Quick—what language do they speak in Costa Rica? You surely answered Spanish—even the name of the country is clearly Spanish. Yes, Spanish is the predominant language in Costa Rica, with the vast majority of the population speaking it as their first language. But “vast majority” certainly doesn’t mean “all.” There are still various indigenous groups who have retained their cultures and languages, with some with thousands of speakers. Today, we’re looking at Bribri, one of Costa Rica’s indigenous languages.
Bribri is estimated to have around 7,000 native speakers, comprising a bit more than half of the ethnic Bribri population. Unfortunately, the pressures of Spanish have put Bribri in a precarious situation, with the number of speakers continuously declining over the years—but at the same time, Bribri is the only indigenous language in Costa Rica that’s taught at public universities. While this is a powerful way to support the language, translation services are still scarce—so we at TranslationServices.com decided to put together our own Bribri translation team.
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Bribri: discovering an indigenous language of Costa Rica
The Bribri people live in the Talamanca region of eastern Costa Rica, with small numbers also found in northern Panama. Bribri is spoken in three different regions across this area, which divides the language into three main dialects: Coroma, spoken in western Talamanca; Amubre, spoken in eastern Talamanca; and Salitre, spoken in the South Pacific area. Bribri’s closest relative is Cabécar, another indigenous language of Costa Rica, but the two languages are mutually unintelligible.
Bribri is a member of the Chibchan language family, which stretches throughout Costa Rica and Panama into northern Colombia and Venezuela. The biggest member of the family is Ngäbere (Guaymí), spoken in Costa Rica and Panama, but Bribri remains one of the larger members of the group. It’s a tonal language with a default subject-object-verb word order, which is common in the Chibchan family. Adjectives, demonstratives, and numerals all come after the noun, with the language also using postpositions rather than prepositions. Bribri does not contain case or gender for its nouns, nor does it mark the person on verbs, but it does distinguish between inclusive and exclusive “we,” meaning there are multiple words for “we” depending on whether the listener is included. Our native-speaking Bribri team members can help you navigate the challenges of Bribri translation with ease.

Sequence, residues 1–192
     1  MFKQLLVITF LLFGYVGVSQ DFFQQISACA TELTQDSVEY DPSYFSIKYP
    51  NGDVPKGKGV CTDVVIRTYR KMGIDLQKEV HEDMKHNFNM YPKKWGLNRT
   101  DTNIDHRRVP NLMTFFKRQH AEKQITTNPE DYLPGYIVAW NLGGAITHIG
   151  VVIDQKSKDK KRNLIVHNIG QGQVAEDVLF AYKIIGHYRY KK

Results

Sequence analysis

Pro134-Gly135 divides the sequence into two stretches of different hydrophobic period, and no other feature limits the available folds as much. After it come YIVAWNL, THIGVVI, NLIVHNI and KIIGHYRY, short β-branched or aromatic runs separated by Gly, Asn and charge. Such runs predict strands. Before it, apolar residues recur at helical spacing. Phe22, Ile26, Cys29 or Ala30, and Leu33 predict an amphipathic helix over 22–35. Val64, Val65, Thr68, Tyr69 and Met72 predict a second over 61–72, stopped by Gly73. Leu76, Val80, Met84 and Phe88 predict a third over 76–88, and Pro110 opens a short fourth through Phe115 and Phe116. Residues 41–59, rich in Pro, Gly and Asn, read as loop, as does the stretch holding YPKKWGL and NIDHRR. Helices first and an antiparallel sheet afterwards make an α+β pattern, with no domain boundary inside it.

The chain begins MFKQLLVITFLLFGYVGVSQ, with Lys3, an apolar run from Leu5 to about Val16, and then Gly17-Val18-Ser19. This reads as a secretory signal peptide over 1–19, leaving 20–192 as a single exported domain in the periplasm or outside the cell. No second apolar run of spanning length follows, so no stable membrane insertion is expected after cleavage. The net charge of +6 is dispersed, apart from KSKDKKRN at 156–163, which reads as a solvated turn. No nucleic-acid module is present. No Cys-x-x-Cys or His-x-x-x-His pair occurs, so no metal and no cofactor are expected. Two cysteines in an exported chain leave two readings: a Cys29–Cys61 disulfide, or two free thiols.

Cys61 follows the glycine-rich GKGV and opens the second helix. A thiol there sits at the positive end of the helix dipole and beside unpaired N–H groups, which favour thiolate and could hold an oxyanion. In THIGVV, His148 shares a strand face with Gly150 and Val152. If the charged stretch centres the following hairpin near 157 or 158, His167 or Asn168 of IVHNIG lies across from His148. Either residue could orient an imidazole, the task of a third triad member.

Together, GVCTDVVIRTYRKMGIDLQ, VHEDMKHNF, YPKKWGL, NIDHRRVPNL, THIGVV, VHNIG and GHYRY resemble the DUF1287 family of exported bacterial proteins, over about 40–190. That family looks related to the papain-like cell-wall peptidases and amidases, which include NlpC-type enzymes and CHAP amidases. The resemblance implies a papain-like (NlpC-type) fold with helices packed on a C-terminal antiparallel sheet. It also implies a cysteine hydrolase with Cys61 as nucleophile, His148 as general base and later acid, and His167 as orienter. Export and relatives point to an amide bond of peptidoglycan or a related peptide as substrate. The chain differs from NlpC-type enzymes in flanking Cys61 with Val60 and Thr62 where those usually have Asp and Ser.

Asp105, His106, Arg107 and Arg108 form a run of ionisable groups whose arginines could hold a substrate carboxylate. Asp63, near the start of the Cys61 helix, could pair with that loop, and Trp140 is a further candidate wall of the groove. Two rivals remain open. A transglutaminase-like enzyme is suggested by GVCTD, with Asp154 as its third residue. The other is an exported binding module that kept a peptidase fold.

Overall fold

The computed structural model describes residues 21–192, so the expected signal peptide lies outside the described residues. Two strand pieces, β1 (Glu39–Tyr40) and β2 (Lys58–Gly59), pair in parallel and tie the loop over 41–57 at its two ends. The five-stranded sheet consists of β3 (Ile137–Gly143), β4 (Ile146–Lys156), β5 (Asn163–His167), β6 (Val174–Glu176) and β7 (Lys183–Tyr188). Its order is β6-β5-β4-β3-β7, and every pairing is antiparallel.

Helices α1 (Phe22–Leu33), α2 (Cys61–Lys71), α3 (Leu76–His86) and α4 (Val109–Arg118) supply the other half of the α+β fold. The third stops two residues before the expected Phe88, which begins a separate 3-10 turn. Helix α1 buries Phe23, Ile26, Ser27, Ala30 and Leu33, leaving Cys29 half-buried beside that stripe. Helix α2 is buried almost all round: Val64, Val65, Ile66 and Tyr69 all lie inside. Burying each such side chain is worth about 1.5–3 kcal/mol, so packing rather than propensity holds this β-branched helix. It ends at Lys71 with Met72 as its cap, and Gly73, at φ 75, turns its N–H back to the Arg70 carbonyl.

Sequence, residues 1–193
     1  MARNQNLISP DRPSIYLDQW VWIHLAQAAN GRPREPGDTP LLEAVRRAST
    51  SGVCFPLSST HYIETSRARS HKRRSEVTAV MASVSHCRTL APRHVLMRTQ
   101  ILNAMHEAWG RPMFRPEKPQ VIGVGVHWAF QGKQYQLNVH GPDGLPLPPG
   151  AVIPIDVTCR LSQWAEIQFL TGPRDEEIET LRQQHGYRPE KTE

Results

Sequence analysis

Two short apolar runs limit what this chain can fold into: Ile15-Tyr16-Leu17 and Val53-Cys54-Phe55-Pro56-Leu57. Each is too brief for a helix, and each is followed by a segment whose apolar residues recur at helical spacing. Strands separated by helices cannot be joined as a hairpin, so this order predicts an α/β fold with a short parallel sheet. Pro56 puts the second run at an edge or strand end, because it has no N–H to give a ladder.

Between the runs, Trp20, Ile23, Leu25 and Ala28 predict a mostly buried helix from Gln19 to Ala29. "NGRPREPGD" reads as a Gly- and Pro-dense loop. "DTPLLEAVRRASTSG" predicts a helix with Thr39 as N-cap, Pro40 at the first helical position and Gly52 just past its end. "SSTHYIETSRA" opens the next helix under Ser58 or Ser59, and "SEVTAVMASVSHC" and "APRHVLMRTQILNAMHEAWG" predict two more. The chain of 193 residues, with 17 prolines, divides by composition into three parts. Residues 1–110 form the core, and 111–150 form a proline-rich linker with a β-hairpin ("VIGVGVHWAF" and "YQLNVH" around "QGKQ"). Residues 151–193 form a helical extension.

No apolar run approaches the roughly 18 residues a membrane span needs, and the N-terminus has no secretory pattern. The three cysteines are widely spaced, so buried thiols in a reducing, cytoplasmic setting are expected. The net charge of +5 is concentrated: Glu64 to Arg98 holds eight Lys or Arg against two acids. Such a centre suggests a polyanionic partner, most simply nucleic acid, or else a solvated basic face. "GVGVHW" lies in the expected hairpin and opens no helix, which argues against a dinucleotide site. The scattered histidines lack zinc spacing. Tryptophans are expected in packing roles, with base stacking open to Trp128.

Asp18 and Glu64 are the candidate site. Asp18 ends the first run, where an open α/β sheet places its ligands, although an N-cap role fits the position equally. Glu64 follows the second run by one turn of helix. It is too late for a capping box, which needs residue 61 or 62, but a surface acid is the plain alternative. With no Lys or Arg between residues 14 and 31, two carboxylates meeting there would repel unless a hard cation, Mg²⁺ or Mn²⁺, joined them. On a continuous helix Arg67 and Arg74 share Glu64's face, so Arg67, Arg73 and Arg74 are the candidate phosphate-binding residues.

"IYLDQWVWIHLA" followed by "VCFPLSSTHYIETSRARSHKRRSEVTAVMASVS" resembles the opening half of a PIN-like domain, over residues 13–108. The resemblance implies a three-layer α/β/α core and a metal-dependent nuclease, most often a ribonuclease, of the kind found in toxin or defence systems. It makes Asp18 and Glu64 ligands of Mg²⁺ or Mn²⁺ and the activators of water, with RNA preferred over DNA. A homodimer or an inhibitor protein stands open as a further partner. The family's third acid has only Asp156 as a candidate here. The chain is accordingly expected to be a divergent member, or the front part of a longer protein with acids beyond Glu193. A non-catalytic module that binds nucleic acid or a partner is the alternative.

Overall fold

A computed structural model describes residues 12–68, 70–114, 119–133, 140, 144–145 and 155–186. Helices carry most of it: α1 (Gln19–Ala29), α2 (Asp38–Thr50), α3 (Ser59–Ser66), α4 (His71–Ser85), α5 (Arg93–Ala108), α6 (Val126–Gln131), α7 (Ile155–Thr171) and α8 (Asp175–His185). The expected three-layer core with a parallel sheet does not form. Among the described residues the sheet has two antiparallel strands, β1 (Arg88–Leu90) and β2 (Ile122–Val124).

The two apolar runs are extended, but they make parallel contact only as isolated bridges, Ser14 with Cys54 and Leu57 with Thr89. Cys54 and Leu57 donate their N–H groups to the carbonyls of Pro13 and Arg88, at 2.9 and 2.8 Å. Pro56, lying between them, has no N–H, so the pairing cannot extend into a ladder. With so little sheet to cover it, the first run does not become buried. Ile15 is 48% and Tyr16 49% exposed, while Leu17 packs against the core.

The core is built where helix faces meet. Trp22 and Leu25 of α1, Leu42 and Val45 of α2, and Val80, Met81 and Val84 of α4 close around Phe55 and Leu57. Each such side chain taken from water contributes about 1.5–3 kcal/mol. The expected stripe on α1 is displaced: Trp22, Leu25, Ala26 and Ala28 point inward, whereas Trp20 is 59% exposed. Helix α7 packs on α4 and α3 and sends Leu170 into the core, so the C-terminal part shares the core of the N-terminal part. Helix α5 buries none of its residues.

Flexible Bribri translation services from our diverse team
We’re here to serve a diverse range of clients who may be looking for Bribri translation services, no matter where they’re from or what their project is. That’s why it’s important for our team to represent all the diversity of the Bribri-speaking world, to the degree possible. We’ve hired top translators from the three key locales where Bribri is spoken, recruiting experts for each of the main dialects. Our translators are skilled in translation both to and from Bribri, helping clients from across Costa Rica and the rest of the world access high-quality translation services.
Are you in need of specialized Bribri translation services, such as academic translation, business translation, or literary translation? Our academic translation team is proud to support Bribri’s use in the scholarly sphere, translating everything from academic papers, to research surveys, to learning materials to teach the Bribri language to learners. We also have a business translation team to tackle the needs of companies and organizations looking to connect with Bribri speakers and establish meaningful rapport with the community. And then there are our literary translators, here to help share the joy of Bribri tales worldwide—and to bring foreign works, such as books, poems, stories, games, and apps, to the Bribri language.
Whatever your Bribri translation project is, let us help. Contact us today to place your first Bribri translation order!